November sees the REC hitting the road for Business Brains On Tour, which brings together some top UK business talent to share their business knowledge to help you grow and develop your recruitment business.
One of our “brains” is Johnny Campbell, the CEO the Social Talent who is the recruiters social media favourite. His session will bring you up to speed on how to use social media to grow your business, attract the best candidates and use content to differentiate your business.
The REC caught up with Johnny for a quick chat to find out what we can expect from him on tour.
1. Please sum up your business philosophy in no more than 140 characters?
Be brilliant in everything you do and good things will happen. If you can’t be brilliant, do something else.
2. The economic pressures on recruitment agencies have grown in recent years – what one essential tip can you give to recruiters to help them build their business?
Companies used to rely on agencies for 80% of their hires. They are now moving towards 80% direct. If you want a share of the remaining 20%, be a specialist who is the absolute best at providing candidates in your niche. If you want to go after the 100%, you need an RPO model.
3. Recruitment has undergone huge changes in the way that it operates – what characteristics would you say are the most valuable for a successful recruitment business owner to have in the new environment?
You must be agile and focused on making yourself indispensable to your customers. Agility could mean being flexible in the pricing model that you offer, providing unusual services beyond fee based placement or just embracing the latest technologies in your operational model. What has not changed is the personal touch. This is still very much a people business. When you focus too much on the tech and the latest shiny new things, you can lose sight of the people and the relationships that are vital to the success of any recruitment business.
4. Social media has had a massive impact on the way that recruiters operate and there are a range of options on offer – what approach would you advise recruiters to take to get the most out of their social media?
Don’t use social media for the pure sake of it. Just because your competitor is on Facebook does not mean that you should be. Understand the potential value of all new tools and resources and then decide what is right for your business. To me, there are three core opportunities that recruiters can leverage from social media: 1) the enormous database of candidates that are there to be found, 2) the opportunity to market yourself and gain influence through social sites that are gradually consuming more and more internet users’ time and 3) new ways to communicate with and talk to potential candidates and clients.
5. The UK recruitment industry is continuing to grow and operate on a more global scale – what benefits are there to recruiters considering overseas markets?
With the growth of social and professional sites and the proliferation of the internet via mobile you can now hire for any job in the world using only your mobile phone. You no longer need to be in the same country, let alone the same city as the clients and candidates that you rely on, therefore the obstacles to developing business and expanding overseas have all but vanished. If you have a great business model and deliver a fantastic service, you can offer that anywhere in the world without ever leaving your local town!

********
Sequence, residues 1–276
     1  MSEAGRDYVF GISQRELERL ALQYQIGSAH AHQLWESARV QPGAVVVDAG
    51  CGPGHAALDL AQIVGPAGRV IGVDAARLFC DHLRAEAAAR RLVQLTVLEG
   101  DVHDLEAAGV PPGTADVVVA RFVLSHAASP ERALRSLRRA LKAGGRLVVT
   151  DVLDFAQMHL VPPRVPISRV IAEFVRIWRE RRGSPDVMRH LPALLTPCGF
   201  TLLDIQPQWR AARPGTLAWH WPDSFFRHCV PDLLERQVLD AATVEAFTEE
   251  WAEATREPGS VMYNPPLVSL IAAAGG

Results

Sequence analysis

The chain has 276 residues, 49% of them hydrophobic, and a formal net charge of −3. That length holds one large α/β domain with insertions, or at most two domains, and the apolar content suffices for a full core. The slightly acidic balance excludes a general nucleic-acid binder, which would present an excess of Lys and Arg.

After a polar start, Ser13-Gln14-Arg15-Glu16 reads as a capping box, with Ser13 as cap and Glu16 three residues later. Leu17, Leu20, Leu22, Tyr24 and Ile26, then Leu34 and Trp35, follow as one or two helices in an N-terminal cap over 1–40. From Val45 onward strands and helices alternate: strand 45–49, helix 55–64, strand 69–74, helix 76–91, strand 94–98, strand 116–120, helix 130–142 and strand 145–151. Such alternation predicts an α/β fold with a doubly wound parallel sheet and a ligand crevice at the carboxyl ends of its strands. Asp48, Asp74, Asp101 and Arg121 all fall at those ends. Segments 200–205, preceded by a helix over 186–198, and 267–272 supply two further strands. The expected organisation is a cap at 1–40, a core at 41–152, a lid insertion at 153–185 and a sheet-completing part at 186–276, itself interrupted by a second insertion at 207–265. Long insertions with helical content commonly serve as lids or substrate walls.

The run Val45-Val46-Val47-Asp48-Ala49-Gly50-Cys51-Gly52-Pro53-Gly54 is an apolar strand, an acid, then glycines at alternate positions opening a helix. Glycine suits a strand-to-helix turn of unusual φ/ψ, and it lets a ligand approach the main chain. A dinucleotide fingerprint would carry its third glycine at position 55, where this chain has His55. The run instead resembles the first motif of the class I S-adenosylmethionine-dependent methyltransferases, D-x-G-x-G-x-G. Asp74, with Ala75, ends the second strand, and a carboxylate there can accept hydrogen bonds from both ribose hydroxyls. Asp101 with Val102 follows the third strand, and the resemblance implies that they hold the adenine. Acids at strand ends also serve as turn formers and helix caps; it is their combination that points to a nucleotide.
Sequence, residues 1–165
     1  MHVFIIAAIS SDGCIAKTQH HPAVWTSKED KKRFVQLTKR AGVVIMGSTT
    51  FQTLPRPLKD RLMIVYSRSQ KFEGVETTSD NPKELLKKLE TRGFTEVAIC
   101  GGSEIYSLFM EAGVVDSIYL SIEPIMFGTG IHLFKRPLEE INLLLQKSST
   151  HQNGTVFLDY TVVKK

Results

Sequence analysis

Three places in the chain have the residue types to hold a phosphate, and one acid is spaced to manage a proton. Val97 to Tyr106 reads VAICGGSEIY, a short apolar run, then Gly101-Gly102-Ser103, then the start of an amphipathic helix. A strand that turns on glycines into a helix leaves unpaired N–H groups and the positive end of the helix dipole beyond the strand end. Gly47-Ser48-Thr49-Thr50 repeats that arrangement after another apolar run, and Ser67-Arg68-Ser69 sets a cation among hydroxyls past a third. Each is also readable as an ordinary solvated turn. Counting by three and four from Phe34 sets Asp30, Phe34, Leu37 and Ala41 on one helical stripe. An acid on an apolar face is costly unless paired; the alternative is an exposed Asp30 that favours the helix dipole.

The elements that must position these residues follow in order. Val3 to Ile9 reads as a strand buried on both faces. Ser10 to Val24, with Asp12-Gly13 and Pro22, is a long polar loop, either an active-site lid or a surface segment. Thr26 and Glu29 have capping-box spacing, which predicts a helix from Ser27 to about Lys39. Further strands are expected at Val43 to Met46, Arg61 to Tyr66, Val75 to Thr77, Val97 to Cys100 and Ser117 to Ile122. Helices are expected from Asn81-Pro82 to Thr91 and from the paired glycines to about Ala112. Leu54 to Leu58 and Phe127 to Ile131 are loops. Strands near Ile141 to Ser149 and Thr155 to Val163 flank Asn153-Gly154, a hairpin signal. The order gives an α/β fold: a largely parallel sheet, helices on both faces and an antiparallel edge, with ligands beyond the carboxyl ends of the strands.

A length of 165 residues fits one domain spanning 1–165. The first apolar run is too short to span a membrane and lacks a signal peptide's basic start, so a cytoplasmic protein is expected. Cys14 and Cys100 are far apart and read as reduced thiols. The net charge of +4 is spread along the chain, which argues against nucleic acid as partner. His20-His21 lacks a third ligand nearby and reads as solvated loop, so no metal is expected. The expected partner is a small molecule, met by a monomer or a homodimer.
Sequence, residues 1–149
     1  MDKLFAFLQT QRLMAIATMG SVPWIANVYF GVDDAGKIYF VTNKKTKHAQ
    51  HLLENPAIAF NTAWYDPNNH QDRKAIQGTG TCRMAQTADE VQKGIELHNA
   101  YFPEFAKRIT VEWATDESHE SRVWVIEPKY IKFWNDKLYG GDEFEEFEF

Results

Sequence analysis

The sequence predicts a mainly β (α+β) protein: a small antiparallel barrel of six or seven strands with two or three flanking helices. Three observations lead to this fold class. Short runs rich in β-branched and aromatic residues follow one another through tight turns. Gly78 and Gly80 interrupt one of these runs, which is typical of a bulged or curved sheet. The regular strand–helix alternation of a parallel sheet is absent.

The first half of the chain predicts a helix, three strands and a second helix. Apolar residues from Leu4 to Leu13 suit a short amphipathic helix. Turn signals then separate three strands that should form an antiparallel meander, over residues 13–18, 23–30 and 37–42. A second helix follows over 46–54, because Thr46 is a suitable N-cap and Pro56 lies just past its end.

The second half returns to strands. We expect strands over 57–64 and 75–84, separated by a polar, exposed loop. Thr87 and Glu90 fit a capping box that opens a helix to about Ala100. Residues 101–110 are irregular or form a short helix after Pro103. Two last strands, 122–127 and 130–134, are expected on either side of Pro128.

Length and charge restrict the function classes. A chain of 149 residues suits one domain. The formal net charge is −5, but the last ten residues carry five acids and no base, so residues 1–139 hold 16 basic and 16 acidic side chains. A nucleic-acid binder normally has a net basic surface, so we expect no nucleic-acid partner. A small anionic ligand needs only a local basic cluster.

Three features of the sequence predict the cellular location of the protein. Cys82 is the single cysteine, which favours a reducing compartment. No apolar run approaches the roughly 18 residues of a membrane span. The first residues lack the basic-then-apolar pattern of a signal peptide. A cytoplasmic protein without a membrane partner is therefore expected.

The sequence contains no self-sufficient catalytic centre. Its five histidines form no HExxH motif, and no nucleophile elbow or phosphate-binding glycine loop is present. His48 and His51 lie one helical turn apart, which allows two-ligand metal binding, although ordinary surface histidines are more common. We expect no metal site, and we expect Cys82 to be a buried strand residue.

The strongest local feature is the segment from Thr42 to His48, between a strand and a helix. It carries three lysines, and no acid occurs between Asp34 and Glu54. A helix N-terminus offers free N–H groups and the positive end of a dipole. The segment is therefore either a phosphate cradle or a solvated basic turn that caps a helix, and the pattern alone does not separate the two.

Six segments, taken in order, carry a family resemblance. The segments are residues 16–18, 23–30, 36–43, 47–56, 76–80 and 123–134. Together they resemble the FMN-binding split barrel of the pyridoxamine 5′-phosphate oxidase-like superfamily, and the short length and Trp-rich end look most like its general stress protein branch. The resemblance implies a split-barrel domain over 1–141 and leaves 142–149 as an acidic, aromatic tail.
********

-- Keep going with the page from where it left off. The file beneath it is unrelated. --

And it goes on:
6. Retaining high quality staff is key to driving business forward – what advice can you give to recruiters to make sure they hold onto to their top talent?
I met with a client recently who wanted us to deliver our Black Belt training to their staff but with one caveat; they wanted us to hold back some of our “best stuff” as they feared that if their recruiters had all of our training, they would surely leave and go elsewhere. I was discussing this with a colleague who made an excellent point; what happens if their staff don’t get the training…..and they stay! My advice is to invest in your staff, encourage self-direction, invest in a learning culture, give them something to believe in and then get out of their way and let them do their job. You don’t need free beer and fooze-ball tables to retain staff. Treat them like grown ups and say thank you once in a while and they may surprise you!
7. As an expert in your field you’re always asked for the best advice – however what would you say is the worst piece of business advice you’ve ever been given?
When we started Social Talent I had this over-riding belief that if we gave away our best advice for free, people would come and they would pay for our other services. I hosted our first live webinar in January 2011 and since then we have uploaded over 30 hours of free training material to YouTube. When I first suggested doing this I was told I was mad by everyone I knew in the agency market. They just couldn’t see the value of building an audience who trust your advice and understand that it comes with no strings attached. I was told to give a little and hold back the good stuff. I decided to ignore this and believe that our whole business has succeeded on this premise. When you help someone without asking for anything in return they will at the very least ensure to recommend you to everyone they know. At best, they will seek you out above your peers if they ever have an opportunity to repay you.